Abstract: Natural ecological communities are continuously buffeted by a varying environment, often making it difficult to measure the stability of communities using concepts requiring the existence of an equilibrium point. Instead of an equilibrium point, the equilibrial state of communities subject to environmental stochasticity is a stationary distribution, which is characterized by means, variances, and other statistical moments. Here, we derive three properties of stochastic multispecies communities that measure different characteristics associated with community stability. These properties can be estimated from multispecies time-series data using first-order multivariate autoregressive (MAR(1)) models. We demonstrate how to estimate the parameters of MAR(1) models and obtain confidence intervals for both parameters and the measures of stability. We also address the problem of estimation when there is observation (measurement) error. To illustrate these methods, we compare the stability of the planktonic commun...
TL;DR: The numerically integrated state-space (NISS) method as mentioned in this paper was proposed to fit models to time series of population abun- dances that incorporate both process noise and observation error in a likelihood framework.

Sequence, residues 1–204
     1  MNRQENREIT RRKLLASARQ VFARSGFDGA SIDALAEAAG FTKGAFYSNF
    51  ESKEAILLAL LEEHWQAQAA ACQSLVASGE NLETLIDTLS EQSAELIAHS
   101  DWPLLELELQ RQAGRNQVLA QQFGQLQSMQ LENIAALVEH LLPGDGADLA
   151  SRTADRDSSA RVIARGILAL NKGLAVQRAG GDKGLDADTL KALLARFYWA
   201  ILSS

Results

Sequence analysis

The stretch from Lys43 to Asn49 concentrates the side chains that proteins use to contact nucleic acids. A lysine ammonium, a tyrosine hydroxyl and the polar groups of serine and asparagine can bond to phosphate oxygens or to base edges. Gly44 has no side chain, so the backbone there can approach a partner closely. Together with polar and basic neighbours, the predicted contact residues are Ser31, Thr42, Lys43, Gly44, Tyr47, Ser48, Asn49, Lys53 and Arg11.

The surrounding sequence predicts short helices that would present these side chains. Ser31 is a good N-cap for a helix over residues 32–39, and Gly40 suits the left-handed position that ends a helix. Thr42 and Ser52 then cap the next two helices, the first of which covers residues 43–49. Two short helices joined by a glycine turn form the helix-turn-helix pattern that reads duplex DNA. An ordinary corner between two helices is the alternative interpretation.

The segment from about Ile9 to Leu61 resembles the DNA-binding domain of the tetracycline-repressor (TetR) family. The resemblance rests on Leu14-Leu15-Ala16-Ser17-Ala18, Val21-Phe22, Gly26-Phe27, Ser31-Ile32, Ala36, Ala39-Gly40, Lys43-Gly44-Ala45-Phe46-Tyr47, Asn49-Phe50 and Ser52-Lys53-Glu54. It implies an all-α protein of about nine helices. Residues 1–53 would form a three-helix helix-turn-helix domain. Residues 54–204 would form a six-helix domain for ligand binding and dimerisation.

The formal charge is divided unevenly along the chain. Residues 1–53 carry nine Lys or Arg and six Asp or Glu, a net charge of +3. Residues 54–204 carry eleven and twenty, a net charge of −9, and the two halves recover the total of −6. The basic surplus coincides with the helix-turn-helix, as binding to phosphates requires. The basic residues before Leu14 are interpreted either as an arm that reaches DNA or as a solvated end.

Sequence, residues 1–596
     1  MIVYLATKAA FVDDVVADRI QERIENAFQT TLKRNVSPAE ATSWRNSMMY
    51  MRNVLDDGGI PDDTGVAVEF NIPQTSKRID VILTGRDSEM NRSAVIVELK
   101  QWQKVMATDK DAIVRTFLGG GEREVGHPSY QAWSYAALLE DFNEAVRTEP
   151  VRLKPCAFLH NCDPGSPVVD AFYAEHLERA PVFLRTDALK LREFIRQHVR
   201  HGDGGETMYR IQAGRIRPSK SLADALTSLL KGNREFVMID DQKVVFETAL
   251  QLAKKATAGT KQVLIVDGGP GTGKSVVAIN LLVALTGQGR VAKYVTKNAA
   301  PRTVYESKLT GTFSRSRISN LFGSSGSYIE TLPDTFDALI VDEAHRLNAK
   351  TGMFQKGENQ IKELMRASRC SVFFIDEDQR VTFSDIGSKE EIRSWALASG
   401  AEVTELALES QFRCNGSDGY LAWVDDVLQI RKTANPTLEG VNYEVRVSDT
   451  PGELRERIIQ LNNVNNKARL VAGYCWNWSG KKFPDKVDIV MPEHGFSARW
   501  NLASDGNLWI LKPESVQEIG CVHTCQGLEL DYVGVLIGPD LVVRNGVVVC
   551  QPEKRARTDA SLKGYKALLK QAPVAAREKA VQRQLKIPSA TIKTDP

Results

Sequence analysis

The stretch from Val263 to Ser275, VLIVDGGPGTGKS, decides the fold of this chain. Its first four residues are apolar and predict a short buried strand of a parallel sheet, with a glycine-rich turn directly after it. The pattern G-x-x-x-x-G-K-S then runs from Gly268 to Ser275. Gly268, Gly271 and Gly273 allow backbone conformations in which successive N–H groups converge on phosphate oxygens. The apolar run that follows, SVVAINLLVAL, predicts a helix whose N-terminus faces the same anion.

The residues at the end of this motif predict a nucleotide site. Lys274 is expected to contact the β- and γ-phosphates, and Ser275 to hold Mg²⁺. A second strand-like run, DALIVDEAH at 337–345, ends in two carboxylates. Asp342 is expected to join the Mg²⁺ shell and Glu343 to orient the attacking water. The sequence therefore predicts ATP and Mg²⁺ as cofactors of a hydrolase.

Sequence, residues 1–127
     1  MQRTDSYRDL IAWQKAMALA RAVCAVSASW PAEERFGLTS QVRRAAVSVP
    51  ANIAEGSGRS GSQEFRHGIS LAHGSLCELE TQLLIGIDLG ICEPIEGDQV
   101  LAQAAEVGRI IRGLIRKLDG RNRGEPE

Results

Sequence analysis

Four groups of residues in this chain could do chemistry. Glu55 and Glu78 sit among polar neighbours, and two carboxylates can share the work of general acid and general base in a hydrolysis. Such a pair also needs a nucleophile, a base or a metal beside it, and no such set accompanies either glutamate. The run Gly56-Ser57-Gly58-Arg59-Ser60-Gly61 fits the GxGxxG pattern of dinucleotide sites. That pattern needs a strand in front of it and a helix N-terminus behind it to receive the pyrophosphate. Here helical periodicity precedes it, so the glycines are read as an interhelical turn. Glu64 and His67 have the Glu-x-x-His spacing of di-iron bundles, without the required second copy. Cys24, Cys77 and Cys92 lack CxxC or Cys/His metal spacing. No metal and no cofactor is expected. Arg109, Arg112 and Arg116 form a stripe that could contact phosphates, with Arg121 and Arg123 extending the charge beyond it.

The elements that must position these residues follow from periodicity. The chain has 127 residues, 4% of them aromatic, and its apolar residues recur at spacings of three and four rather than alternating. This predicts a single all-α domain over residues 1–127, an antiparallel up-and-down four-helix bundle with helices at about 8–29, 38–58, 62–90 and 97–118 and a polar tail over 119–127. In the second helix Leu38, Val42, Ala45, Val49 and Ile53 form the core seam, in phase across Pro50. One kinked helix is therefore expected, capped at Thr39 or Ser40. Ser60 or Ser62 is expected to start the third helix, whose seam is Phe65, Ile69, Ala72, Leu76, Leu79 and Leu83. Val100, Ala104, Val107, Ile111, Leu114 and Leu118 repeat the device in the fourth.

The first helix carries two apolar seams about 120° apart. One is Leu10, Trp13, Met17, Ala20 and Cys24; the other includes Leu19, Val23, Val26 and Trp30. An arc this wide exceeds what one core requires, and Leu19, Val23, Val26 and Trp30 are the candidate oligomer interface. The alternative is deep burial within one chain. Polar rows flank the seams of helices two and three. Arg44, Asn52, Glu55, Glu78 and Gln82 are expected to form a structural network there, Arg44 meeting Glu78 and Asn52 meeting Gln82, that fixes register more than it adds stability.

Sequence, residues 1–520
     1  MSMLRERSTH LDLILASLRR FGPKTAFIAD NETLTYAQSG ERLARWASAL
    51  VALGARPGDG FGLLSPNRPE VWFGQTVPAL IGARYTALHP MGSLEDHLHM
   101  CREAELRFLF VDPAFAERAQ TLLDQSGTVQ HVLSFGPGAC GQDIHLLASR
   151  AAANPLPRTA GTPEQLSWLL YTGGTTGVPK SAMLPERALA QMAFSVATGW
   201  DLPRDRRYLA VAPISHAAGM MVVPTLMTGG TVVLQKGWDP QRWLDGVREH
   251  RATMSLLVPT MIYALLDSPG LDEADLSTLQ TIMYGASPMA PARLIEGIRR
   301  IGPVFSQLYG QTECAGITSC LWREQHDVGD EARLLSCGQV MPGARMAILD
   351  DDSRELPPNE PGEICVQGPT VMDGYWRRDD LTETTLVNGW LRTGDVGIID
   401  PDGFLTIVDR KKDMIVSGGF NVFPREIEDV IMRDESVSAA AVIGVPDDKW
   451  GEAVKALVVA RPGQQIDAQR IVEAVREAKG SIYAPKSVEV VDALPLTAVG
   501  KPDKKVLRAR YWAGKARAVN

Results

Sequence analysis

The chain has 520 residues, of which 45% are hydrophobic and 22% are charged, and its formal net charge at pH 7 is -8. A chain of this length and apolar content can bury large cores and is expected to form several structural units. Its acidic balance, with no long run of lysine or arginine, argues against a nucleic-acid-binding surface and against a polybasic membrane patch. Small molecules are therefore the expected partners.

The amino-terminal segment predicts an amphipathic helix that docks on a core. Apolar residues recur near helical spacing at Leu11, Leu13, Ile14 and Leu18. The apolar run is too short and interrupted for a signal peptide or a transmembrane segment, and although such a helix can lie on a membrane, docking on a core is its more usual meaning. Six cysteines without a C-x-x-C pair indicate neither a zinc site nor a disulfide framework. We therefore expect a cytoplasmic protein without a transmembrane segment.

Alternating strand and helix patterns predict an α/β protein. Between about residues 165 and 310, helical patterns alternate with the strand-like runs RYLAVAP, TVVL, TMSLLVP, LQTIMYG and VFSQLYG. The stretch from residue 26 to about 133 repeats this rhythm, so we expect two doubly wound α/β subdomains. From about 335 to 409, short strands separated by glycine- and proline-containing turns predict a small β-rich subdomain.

Abstract: We evaluate a method for fitting models to time series of population abun- dances that incorporates both process noise and observation error in a likelihood framework. The method follows the probability logic of the Kalman filter, but whereas the Kalman filter applies to linear, Gaussian systems, we implement the full probability calculations numerically so that any nonlinear, non-Gaussian model can be used. We refer to the method as the "numerically integrated state-space (NISS) method" and compare it to two common methods used to analyze nonlinear time series in ecology: least squares with only process noise (LSPN) and least squares with only observation error (LSOE). We compare all three methods by fitting Beverton-Holt and Ricker models to many replicate model-generated time series of length 20 with several parameter choices. For the Ricker model we chose parameters for which the deterministic part of the model produces a stable equilibrium, a two-cycle, or a four-cycle. For each set of parameters we used three process-noise and observation-error scenarios: large standard deviation (0.2) for both, and large for one but small (0.05) for the other. The NISS method had lower estimator bias and variance than the other methods in nearly all cases. The only exceptions were for the Ricker model with stable-equilibrium parameters, in which case the LSPN and LSOE methods has lower bias when noise variances most closely met their assumptions. For the Beverton-Holt model, the NISS method was much less biased and more precise than the other methods. We also evaluated the utility of each method for model selection by fitting simulated data to both models and using information criteria for selection. The NISS and LSOE methods showed a strong bias toward selecting the Ricker over the Beverton-Holt, even when data were generated with the Beverton-Holt. It remains unclear whether the LSPN method is generally superior for model selection or has fortuitously better biases in this particular case. These results suggest that information criteria are best used with caution for nonlinear population models with short time series. Finally we evaluated the convergence of likelihood ratios to theoretical asymptotic distributions. Agreement with asymptotic distributions was very good for stable-point Rick- er parameters, less accurate for two-cycle and four-cycle Ricker parameters, and least accurate for the Beverton-Holt model. The numerically integrated state-space method has a number of advantages over least squares methods and offers a useful tool for connecting models and data and ecology.